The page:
Chris Knipp Writing: Movies, Politics, Art

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PostPosted: Wed Feb 24, 2016 5:15 pm 
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Two earth forces meet in a passionate city-country lesbian love affair

Izïa Higelin is marvellous as Delphine Benchiessa, the strong, earthy, dark-skinned farm girl in Catherine Corsini's passionate celebration of lesbian love and early Seventies feminism, La belle saison (the English title, Summertime, lacks the original metaphorical resonance of a special time both in life and nature). The French critics who took issue with Corsini for not setting events in the present to show both issues, the rights of women and gay rights, at the current cutting edge, are inexplicable. This film's lifeblood and its point are that it happens at a time when women were challenged to live up to the ideals they have been championing.

This is where the vibrant, dynamic Cécile de France comes in. Delphine (Higelin) has left her parents' farm in the Limousin region where she was an integral part, prompted, we assume, by rejection by a younger lover who's decided to get married and the awkwardness of rejecting a perfect potential male partner, the patient, but eager Antoine (the excellent Kévin Azaïs of last year's terrific Les combattants). So she has gone off to spend time in the big city, in a tiny Parisian chambre de bonne, and encounters Carole (de France) at a university meeting of feminists and is instantly smitten by her.

This film would be memorable if only for the scene of these fired-up, beautiful, cigarette-puffing, chanting, singing feminists. Carole's wide smile is infectious, her blond hair flows in all directions, her energy is electric. In other words, she's not just a political activist, but a hot babe. Delphine well knows she loves only women. Carole's assurance and glamour dazzle Delphine, but hide her uncertainty, since Carole lives with Manuel (Benjamin Bellecour), in a physical relationship, and Manuel considers this to be a lifetime commitment.

It's a bit of a paradox the freethinking Carole has a lot to learn from the farm girl Delphine, and another paradox that despite Delphine's love for Carole, the family farm and the region's conservative values trump that, because the farm is her highest priority, so she rushes back there to take charge when her father has a stroke. What's surprising is that while Cécile de France's energy and sex appeal usually tear up the screen, Izïa Higelin's solid earthiness is stronger, and make Carole, properly, seem the weaker character.

This is where the great Noémie Lvovsky comes in, in one of this powerhouse figure of French cinema's best roles as Monique, Delphine's mother. One of the most electric scenes between women in French cinema in a good while comes when, after several months of working together with Carole, who has pitched in on the farm, Monique hears a loud fight between Delphone and Carole (who's tiring of country living) that reveals what's going on between the two women, and barges into Delphine's bedroom next morning and sees the two women with naked bodies intertwined. Lvovsky, who who's usually played urban sophisticates, melds seamlessly into the role of an old fashioned country woman whose conservative values make her see her coworker Carole suddenly as an embodiment of the Devil who has corrupted her daughter. Of course she's got it wrong.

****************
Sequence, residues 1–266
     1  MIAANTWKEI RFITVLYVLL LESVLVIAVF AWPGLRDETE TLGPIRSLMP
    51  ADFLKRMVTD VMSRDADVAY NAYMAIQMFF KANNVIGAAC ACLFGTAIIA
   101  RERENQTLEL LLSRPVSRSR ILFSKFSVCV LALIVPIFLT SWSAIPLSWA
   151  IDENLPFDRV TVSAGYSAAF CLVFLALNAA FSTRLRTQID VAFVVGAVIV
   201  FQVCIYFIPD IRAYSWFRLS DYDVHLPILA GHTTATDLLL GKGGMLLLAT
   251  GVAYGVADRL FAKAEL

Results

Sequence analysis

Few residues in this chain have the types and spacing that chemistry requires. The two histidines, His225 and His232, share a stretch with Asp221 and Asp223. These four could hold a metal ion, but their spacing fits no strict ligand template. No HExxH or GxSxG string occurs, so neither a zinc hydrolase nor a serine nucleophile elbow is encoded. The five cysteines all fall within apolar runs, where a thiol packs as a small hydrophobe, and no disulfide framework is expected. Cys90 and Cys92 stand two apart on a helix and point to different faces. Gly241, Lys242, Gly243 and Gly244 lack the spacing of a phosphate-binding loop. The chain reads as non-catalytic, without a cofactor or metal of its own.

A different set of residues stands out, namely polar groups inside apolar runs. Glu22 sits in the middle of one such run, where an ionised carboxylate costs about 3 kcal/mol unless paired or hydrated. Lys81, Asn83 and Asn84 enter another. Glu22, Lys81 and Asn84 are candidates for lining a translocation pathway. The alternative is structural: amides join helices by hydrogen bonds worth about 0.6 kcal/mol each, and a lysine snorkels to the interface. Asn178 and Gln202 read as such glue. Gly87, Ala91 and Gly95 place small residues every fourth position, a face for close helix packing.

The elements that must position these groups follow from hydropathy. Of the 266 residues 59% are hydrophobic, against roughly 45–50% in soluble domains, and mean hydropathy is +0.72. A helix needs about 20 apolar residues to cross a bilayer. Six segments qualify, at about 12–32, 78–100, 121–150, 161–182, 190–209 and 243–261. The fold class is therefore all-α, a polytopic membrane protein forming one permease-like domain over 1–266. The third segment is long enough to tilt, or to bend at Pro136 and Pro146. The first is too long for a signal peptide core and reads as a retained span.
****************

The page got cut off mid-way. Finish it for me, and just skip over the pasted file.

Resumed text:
It's both its strength and its weakness that this movie wears its heart on its sleeve. Its lovemaking is nearly as unrestrained as the younger intertwinings in Kechiche's Vie d'Adèle, but there isn't the pain and intensity of hiding homosexuality that makes Annie Proulx's story and Ang Lee's movie of Brokeback Mountain such a devastating emotional experience. Still Summertime is a fraught lesbian love story with as rich a historical-political-social-economic context as has been yet brought to the screen, and when the causes of minorities are first expressed artistically, the language has to be basic. This is a beautiful and memorable film by any standard that will have specially lasting meaning for its most particular audience.

Summerttime/La Belle saison, 105 mins., debuted at Locarno 6 Aug. 2015, where the Variety Piazza Grande Award went to Catherine Corsini as director. It has shown at ten other international festivals, including Toronto. At its 19 Aug French theatrical release it was enthusiastically received (AlloCiné press rating 3.8 based on 25 reviews). Strand Releasing will bring it to US theaters at a date not yet announced. Screened for this review as part of the 2016 New York Rendez-Vous with French Cinema, showing to the public on Tues., Mar. 8 at 9:15pm (Introduction by composer Gregoire Hetzel) and Sat., Mar. 12 at 4:30 p.m.

(I previously reviewed Corsni's Les ambitieux (R-V 2007) and Three Worlds/Trois mondes (R-V 2013) and saw her 2009Partir/Leaving.)

US theatrical release starts Friday, July 22 in New York (Film Society at Lincoln Center, IFC Center) and Los Angeles (Laemmle’s Royal).

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